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Epistemology renders dieting moot.

Vector: lewrockwell.com

While I get their daily front page in my email, I sometimes go weeks between reading articles on LewRockwell.com. I don't like to pipe my every thought and experience through the very fragmented and distorting lens of political ideology. Sometimes I take an ideological fast in order to clense my system. And then I binge. And sometimes I pick off the non-political garnishes like this bit from Woody Allen, who really seems to know his philosphers.

Link: http://www.newyorker.com/shouts/content/articles/060703sh_shouts

Excerpts from THUS ATE ZARATHUSTRA by WOODY ALLEN:
Who would have thought that “Friedrich Nietzsche’s Diet Book” existed? While its authenticity might appear to be a soupçon dicey to the niggling, most who have studied the work agree that no other Western thinker has come so close to reconciling Plato with Pritikin. Selections follow.

(...)

No philosopher came close to solving the problem of guilt and weight until Descartes divided mind and body in two, so that the body could gorge itself while the mind thought, Who cares, it’s not me. The great question of philosophy remains: If life is meaningless, what can be done about alphabet soup? It was Leibniz who first said that fat consisted of monads. Leibniz dieted and exercised but never did get rid of his monads—at least, not the ones that adhered to his thighs. Spinoza, on the other hand, dined sparingly because he believed that God existed in everything and it’s intimidating to wolf down a knish if you think you’re ladling mustard onto the First Cause of All Things.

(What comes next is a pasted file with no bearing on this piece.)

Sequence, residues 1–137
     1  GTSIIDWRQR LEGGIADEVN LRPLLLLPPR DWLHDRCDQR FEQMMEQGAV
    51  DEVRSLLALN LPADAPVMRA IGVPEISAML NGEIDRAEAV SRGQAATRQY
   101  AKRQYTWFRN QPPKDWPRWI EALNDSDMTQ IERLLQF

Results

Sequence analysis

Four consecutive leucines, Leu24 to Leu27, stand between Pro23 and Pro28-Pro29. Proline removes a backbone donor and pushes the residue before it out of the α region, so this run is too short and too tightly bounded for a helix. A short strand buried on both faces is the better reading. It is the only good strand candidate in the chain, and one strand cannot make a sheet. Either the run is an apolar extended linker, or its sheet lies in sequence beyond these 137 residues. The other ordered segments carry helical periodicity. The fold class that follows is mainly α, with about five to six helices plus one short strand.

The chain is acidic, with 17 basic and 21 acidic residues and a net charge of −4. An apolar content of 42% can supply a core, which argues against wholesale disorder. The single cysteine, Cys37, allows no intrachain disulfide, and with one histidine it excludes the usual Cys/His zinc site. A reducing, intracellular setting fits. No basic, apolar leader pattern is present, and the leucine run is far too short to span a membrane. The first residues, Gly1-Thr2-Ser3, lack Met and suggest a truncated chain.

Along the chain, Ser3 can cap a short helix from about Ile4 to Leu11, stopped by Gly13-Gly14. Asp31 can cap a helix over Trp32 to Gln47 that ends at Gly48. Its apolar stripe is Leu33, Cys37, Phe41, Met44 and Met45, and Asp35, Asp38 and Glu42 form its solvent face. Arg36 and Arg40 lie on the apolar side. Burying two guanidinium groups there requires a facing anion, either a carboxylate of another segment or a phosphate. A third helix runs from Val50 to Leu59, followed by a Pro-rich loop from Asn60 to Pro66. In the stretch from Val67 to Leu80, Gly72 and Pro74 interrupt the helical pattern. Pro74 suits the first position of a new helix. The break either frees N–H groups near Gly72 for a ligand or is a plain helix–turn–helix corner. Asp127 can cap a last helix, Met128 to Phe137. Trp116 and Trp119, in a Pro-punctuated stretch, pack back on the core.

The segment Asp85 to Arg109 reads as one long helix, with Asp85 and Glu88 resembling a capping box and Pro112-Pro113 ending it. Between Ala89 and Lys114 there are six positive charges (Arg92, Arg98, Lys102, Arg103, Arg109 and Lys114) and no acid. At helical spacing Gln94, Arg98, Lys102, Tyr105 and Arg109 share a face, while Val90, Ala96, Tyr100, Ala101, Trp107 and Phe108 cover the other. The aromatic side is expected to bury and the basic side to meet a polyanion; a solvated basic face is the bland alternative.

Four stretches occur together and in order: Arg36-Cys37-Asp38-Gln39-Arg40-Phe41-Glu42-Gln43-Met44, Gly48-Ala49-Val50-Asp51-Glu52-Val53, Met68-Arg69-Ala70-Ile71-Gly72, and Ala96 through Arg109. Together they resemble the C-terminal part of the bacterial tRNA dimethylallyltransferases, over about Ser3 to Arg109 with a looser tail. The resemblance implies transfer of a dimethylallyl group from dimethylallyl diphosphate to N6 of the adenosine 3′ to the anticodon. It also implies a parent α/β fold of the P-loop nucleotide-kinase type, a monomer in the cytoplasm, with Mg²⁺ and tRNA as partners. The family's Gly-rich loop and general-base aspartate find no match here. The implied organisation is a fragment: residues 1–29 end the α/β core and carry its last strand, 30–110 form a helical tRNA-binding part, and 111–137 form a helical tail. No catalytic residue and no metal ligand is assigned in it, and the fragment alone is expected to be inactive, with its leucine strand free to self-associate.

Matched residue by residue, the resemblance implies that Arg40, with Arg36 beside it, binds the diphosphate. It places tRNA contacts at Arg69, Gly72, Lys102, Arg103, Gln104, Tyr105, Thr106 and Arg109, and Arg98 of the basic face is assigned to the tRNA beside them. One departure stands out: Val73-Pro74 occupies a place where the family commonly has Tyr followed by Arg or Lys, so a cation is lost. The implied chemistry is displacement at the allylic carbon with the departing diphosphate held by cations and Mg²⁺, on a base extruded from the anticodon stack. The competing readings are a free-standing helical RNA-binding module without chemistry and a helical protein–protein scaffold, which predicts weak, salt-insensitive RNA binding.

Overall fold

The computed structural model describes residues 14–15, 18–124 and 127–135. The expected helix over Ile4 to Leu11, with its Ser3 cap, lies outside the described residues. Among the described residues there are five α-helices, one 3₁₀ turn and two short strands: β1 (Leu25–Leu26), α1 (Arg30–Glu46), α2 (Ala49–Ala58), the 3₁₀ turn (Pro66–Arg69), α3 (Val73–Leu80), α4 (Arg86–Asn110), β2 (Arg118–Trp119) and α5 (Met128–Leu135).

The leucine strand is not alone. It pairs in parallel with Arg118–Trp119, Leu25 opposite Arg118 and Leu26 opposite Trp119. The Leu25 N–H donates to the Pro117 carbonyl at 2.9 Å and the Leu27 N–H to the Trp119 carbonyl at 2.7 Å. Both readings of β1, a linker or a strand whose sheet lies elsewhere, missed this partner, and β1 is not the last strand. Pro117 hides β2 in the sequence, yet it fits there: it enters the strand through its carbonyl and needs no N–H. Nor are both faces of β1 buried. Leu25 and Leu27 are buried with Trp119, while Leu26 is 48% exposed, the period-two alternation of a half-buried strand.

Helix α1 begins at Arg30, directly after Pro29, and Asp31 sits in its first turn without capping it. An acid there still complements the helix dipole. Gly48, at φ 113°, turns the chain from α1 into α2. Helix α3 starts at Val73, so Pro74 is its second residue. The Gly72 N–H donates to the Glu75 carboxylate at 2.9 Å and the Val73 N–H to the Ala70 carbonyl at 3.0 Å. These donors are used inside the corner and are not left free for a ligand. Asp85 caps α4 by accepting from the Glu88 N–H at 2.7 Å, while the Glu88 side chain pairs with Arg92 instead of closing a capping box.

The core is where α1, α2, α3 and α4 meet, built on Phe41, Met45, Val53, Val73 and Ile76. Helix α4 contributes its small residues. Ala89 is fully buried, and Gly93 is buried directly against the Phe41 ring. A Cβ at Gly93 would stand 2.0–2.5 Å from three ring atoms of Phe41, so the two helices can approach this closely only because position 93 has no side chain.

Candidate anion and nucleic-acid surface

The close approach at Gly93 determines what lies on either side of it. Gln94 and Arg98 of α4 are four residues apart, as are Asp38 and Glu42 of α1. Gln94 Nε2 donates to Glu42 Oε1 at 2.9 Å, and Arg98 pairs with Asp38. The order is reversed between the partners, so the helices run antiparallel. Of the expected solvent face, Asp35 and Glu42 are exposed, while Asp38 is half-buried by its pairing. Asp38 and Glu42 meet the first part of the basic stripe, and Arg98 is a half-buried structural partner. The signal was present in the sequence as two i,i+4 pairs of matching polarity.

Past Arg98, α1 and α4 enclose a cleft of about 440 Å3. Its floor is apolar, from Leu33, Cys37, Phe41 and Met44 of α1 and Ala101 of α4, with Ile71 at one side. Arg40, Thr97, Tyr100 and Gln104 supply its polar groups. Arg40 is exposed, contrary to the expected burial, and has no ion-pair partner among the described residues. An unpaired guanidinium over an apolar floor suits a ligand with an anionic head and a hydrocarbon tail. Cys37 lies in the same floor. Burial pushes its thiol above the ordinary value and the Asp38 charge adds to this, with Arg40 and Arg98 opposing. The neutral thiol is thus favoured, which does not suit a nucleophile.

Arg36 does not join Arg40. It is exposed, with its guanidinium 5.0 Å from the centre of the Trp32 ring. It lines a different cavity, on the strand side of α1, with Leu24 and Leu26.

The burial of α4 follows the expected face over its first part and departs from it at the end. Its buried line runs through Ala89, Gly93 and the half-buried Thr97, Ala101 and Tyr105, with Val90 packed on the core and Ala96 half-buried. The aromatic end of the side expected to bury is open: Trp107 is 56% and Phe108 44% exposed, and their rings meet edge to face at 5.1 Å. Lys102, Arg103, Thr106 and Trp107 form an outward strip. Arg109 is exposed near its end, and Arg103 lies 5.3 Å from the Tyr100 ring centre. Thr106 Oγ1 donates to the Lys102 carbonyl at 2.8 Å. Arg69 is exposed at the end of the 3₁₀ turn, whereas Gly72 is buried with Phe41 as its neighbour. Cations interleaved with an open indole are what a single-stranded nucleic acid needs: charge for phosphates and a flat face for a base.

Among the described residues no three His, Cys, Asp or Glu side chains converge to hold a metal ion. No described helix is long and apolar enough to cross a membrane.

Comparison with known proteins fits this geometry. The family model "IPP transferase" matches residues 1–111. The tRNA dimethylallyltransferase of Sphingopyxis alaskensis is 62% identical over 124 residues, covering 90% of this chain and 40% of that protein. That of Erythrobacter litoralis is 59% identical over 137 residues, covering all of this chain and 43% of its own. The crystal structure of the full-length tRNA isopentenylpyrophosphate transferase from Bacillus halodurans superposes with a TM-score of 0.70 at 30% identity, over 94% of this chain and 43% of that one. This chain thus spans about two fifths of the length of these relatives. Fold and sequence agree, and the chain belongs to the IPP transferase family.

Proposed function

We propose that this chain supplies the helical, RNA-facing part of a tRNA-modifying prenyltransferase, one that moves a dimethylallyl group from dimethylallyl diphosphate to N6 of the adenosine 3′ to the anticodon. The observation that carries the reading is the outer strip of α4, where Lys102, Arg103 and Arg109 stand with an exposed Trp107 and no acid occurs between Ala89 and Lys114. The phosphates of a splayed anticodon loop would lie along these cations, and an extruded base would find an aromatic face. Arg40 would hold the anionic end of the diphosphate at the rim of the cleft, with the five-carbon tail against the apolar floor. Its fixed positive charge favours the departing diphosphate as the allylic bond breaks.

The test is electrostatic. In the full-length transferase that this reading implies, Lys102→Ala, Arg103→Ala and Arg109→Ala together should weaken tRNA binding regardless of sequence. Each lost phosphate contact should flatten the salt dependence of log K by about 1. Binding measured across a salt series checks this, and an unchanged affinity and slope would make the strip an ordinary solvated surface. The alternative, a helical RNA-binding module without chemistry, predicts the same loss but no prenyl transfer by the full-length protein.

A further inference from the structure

(...)

To sum up: apart from my own Beyond Good and Evil Flapjacks and Will to Power Salad Dressing, of the truly great recipes that have changed Western ideas Hegel’s Chicken Pot Pie was the first to employ leftovers with meaningful political implications. Spinoza’s Stir-Fried Shrimp and Vegetables can be enjoyed by atheists and agnostics alike, while a little-known recipe of Hobbes’s for Barbecued Baby-Back Ribs remains an intellectual conundrum. The great thing about the Nietzsche Diet is that once the pounds are shed they stay off—which is not the case with Kant’s “Tractatus on Starches.”

Comments

( 2 comments — Leave a comment )
thiyavat
Jul. 14th, 2006 12:49 am (UTC)
OK, that bit about "ladling mustard onto the First Cause of All Things" = I found that awesomely funny. :D
kmo
Jul. 14th, 2006 04:27 pm (UTC)
Turns out...
that Woody Allen's a funny guy.

Given the movies he's made in recent years, I know that not everyone shares my opinion on the matter.
( 2 comments — Leave a comment )

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